Problems and Implications



Tidying up loose ends can be an untidy business. In consequence this will be an untidy chapter. It is required to perform three separate tasks which together will both flesh out our portrait of English ancient constitutionalism and lay a foundation for the second part of this book (which places the theory of the ancient constitution into the background of early-seventeenth century English political discourse). The first of the three tasks will involve a consideration of the historiographical debates surrounding the nature of ancient constitutionalist thought. Of these there are two: the question of its insularity; and the question of its relationship with the idea of conquest. For both of these matters the findings of the previous chapter have clear implications. The second of our tasks will be to determine the political implications of English ancient constitutionalism. What sort of political theory could be raised upon the foundations that it provided? Did it have a ‘radical face’, as some historians have argued? Our third and final task — the most difficult of them all — will be to examine the chronology of the theory of the ancient constitution. What were its origins and sources? When did it begin? When did it end? We shall then discover that the theory, in its ‘classic phase’, lasted only from the reign of James I (though it had deep Tudor roots) to the Civil War (though it had also a lengthy aftermath).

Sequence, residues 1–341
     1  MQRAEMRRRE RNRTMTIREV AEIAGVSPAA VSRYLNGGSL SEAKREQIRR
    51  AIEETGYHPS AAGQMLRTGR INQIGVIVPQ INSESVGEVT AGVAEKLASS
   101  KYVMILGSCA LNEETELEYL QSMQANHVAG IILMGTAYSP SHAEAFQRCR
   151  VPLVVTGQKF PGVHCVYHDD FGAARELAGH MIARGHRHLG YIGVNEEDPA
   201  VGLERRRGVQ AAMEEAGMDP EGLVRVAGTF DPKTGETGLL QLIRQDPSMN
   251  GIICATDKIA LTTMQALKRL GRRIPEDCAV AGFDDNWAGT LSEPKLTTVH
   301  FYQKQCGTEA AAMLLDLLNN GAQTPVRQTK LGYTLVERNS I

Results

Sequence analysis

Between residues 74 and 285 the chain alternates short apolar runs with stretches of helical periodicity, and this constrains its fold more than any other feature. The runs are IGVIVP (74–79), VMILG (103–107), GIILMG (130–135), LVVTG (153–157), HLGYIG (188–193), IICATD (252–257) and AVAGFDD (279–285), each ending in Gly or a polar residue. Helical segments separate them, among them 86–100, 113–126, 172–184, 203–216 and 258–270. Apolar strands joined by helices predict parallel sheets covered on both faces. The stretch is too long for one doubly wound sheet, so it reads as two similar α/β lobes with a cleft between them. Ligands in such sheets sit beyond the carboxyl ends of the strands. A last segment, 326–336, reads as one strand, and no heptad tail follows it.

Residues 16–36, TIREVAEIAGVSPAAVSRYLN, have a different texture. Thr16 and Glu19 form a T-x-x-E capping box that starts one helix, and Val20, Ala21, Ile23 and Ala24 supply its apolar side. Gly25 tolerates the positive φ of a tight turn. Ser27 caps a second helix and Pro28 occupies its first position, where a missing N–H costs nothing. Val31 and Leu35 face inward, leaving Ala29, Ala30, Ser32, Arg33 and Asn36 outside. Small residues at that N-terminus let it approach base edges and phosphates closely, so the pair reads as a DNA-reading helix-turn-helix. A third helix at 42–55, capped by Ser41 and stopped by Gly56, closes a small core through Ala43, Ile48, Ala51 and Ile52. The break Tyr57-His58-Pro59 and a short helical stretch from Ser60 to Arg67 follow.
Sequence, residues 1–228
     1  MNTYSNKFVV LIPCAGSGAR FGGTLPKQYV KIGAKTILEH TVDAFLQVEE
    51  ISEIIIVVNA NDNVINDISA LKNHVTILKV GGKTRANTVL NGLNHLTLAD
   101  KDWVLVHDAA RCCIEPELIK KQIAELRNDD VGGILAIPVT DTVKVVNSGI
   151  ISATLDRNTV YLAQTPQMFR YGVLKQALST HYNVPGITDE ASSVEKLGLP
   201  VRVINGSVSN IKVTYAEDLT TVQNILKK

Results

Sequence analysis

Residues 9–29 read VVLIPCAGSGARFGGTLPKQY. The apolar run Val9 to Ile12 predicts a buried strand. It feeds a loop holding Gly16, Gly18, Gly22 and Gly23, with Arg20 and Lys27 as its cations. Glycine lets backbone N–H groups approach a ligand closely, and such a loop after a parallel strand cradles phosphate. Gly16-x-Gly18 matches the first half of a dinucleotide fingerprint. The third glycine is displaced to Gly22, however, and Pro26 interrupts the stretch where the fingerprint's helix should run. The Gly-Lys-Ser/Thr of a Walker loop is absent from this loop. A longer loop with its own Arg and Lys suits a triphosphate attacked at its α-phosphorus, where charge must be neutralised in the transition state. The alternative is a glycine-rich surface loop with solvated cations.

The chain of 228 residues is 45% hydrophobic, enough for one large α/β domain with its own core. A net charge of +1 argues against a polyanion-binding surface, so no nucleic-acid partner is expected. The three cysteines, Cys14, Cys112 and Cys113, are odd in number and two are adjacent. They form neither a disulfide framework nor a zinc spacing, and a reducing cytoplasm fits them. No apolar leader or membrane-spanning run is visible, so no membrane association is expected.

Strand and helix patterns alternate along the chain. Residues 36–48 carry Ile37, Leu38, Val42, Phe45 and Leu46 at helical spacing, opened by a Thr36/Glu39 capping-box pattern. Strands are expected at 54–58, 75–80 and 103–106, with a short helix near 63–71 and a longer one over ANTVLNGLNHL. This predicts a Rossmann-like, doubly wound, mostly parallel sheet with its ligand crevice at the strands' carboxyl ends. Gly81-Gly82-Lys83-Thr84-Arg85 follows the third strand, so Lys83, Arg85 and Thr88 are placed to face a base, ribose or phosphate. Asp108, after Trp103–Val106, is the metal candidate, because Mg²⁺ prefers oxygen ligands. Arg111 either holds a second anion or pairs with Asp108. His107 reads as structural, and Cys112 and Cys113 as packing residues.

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© Glenn Burgess 1992

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